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E-safety and Web 2.0 for children aged 11–16

Sharples, M.; Graber, R.; Harrison, C. and Logan, K. (2009). E-safety and Web 2.0 for children aged 11–16. Journal of Computer Assisted Learning, 25(1) pp. 70–84.

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This paper reports findings from a survey and interviews with children aged 11–16 years, teachers and parents on their attitudes to e-safety in relation to social networking and media creation (Web 2.0) and their practices at school and at home. The results showed that 74% of the children surveyed have used social network (SN) sites and that a substantial minority regularly interact socially online with people they have not met face-to-face. Online interaction forms a different, although overlapping, social space to that of face-to-face friendships. Despite a desire from some teachers to explore the benefits of Web 2.0 for creative and social learning, they report being constrained by a need to show a duty of care that avoids worst-case risk to children, to restrict access to SN sites. The respondents also report more direct concerns about Internet bullying and exam cheating. We also report a Policy Delphi process with a panel of 30 people with expertise in Web 2.0 and e-safety. The panel reached a general consensus that schools should move towards allowing access to Web 2.0 sites, with children being educated in responsible and creative learning.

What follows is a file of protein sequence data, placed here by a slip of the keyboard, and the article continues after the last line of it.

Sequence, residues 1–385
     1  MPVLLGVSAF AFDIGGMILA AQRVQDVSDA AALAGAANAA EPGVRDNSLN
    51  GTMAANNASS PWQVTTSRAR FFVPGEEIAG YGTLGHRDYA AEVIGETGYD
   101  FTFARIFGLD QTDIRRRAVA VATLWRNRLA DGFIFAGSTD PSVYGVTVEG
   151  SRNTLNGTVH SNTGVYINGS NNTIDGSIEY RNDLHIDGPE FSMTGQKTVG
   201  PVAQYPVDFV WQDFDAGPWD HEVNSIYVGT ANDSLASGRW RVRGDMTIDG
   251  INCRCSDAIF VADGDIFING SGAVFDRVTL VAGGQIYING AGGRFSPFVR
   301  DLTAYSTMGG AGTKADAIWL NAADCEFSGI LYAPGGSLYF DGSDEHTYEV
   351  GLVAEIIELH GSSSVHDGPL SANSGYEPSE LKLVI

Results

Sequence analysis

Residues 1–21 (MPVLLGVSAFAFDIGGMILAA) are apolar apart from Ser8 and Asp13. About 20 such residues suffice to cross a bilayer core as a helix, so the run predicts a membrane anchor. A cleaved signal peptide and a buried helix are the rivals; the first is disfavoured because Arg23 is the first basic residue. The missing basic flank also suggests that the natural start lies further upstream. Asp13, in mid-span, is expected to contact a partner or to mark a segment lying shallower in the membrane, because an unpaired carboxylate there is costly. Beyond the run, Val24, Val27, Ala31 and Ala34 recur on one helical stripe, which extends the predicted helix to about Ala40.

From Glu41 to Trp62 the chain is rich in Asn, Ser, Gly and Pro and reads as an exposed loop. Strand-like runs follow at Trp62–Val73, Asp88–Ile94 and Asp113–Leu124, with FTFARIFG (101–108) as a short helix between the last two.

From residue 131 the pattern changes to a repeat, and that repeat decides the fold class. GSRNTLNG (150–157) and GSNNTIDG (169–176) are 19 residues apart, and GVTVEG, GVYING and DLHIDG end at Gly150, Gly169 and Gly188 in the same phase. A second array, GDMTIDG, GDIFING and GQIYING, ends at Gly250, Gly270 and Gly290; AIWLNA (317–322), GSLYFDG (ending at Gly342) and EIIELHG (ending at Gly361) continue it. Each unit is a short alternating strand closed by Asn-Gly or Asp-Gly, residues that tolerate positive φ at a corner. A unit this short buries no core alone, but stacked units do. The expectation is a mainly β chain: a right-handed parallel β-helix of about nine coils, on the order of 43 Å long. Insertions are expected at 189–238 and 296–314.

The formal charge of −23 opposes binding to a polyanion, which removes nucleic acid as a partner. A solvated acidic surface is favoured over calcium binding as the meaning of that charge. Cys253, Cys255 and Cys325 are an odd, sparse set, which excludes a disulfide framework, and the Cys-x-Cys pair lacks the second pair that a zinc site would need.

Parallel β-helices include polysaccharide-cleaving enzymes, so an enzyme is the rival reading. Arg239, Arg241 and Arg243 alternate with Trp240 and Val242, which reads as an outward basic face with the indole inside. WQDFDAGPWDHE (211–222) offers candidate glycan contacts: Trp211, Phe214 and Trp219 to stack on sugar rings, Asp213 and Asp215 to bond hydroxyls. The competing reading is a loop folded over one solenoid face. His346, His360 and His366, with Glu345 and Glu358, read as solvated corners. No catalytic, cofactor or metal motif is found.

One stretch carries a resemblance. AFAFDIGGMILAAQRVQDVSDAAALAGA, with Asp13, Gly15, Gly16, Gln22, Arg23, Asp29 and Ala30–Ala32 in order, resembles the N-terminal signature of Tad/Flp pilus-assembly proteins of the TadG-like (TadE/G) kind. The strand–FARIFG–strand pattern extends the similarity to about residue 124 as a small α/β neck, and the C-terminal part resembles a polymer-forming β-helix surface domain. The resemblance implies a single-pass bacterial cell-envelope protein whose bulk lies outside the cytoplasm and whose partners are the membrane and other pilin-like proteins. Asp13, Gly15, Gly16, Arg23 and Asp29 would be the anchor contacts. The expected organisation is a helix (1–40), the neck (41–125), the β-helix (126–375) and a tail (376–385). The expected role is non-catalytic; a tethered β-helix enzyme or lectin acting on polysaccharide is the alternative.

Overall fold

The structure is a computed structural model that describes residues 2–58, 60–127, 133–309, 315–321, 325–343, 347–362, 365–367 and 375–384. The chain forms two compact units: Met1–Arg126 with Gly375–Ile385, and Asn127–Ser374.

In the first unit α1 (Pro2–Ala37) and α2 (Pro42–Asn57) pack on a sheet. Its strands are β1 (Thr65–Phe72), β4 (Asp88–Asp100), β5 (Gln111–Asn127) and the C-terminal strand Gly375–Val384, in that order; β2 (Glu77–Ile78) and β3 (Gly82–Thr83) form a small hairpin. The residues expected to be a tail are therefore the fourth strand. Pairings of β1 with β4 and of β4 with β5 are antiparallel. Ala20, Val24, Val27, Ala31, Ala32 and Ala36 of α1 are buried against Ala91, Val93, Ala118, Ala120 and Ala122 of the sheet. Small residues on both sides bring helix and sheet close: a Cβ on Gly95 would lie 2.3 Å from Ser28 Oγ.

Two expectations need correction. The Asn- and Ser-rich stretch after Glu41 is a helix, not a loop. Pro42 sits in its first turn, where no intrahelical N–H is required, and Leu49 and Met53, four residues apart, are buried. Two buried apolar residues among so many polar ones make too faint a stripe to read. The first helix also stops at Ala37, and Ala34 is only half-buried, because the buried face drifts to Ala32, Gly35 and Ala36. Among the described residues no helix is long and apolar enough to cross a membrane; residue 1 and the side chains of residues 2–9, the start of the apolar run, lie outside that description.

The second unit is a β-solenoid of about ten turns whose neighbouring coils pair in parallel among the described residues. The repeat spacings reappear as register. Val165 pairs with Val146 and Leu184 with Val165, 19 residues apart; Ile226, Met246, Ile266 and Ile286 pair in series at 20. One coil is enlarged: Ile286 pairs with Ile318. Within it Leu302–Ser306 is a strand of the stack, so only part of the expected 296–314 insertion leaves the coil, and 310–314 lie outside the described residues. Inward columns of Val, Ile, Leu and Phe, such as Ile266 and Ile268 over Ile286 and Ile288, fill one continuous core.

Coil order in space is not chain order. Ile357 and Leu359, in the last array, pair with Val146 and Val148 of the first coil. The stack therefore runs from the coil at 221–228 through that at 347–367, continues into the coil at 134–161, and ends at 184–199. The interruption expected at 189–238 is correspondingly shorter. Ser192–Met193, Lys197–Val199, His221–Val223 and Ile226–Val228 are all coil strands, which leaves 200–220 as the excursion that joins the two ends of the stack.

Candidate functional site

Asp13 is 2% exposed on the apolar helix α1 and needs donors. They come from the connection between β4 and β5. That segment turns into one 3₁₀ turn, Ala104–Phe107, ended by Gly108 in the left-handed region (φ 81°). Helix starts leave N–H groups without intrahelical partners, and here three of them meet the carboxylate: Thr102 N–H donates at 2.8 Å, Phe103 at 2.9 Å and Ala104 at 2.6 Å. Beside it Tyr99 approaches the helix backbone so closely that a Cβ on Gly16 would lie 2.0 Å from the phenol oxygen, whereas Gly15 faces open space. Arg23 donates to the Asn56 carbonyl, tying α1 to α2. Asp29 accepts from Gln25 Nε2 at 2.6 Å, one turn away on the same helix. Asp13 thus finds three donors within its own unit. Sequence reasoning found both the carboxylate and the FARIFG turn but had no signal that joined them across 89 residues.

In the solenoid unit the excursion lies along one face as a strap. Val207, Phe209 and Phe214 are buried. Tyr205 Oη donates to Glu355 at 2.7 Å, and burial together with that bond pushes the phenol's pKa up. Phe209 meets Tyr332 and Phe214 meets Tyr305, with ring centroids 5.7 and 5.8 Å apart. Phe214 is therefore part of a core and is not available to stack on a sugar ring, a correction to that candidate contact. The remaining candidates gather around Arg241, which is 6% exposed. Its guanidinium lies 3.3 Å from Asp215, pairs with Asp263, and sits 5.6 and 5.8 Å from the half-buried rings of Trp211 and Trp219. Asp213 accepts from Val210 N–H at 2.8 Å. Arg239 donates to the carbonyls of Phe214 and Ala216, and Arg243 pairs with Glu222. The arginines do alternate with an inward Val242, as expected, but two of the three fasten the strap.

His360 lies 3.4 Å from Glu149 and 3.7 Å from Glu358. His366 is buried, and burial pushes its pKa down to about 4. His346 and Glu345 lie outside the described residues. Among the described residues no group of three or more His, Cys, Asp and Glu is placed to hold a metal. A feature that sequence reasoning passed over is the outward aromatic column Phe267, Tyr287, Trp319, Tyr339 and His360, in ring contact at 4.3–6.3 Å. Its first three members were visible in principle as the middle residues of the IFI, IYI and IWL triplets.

Item Type: Journal Item
Copyright Holders: 2009 The Authors
ISSN: 1365-2729
Keywords: Web 2.0; e-safety; social network; education policy
Academic Unit/School: Institute of Educational Technology (IET)
Research Group: Centre for Research in Education and Educational Technology (CREET)
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Item ID: 29776
Depositing User: Mike Sharples
Date Deposited: 10 Nov 2011 15:15
Last Modified: 13 Dec 2019 08:57
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